For example, Huffington Post, which is a is a liberal online news website and aggregated weblog founded by Arianna Huffington and Kenneth Lerer, featuring hyperlinks to various news sources and columnists. The Huffington Post was launched on May 9, 2005 as a news and commentary outlet. Huffpo is also indexed by various news groups such as Google News where they are listed as a news source.
Huffington Post writer Jeffrey Feldman is incensed that Trotta would joke about "Killing A Candidate".
He goes on to rage:
It is astounding that Americans should even be forced to have such a conversation, let alone on Memorial Day Weekend when we remember with respect the sacrifices of fallen soldiers. But here we are.
I have to wonder how many people there actually are in the U.S. who think it is funny to make jokes about the assassination of Sen. Obama? What percentage of the American population consists of people who think that the assassination of Sen. Obama--or anyone for that matter--makes for a good punchline? Is it 50 people? 75, maybe?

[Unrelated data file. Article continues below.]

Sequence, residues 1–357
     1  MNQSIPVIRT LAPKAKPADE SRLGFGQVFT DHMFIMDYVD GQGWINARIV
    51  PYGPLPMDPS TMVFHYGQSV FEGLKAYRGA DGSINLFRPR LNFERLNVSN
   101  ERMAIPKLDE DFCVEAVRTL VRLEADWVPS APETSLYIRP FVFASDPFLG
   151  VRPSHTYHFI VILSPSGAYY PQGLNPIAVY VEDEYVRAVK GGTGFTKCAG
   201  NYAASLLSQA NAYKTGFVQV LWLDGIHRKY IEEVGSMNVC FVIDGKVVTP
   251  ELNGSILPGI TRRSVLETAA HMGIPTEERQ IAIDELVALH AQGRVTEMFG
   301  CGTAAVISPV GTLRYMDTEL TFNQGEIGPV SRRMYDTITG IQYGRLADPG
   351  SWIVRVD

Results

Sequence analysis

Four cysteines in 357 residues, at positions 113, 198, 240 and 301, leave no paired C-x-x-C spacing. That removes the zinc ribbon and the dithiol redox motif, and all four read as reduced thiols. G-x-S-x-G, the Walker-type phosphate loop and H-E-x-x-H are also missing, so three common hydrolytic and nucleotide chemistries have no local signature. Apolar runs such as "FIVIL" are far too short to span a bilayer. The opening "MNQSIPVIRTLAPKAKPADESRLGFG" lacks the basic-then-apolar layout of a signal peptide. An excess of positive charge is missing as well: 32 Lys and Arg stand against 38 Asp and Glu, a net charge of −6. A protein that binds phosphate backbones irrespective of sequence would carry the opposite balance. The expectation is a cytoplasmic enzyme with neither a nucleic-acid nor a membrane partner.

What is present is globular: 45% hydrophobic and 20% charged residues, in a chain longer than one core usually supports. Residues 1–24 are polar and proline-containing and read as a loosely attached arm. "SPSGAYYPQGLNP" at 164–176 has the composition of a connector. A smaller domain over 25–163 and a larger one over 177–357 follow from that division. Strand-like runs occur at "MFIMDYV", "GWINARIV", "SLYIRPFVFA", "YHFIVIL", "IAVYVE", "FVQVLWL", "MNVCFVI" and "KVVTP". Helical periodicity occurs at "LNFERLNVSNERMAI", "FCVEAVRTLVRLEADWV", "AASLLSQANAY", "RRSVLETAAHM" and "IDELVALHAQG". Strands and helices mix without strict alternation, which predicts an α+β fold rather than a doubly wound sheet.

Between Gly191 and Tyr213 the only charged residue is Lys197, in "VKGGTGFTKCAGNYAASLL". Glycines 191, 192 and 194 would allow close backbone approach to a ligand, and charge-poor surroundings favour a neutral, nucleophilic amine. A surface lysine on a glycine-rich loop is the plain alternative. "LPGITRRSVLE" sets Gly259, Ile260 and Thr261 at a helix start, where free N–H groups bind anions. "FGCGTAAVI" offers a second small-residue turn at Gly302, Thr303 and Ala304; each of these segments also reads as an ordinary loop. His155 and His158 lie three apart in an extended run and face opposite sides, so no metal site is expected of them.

Many people would agree with him, but that isn't the point of this article, this article is about double standards and hypocrisy.
How better to make a point than to use another article, written by the very same "outlet", Huffington Post.
Writer Guy Saperstein, from Huffington Post, decides that it is alright to joke about the assassination of a candidate.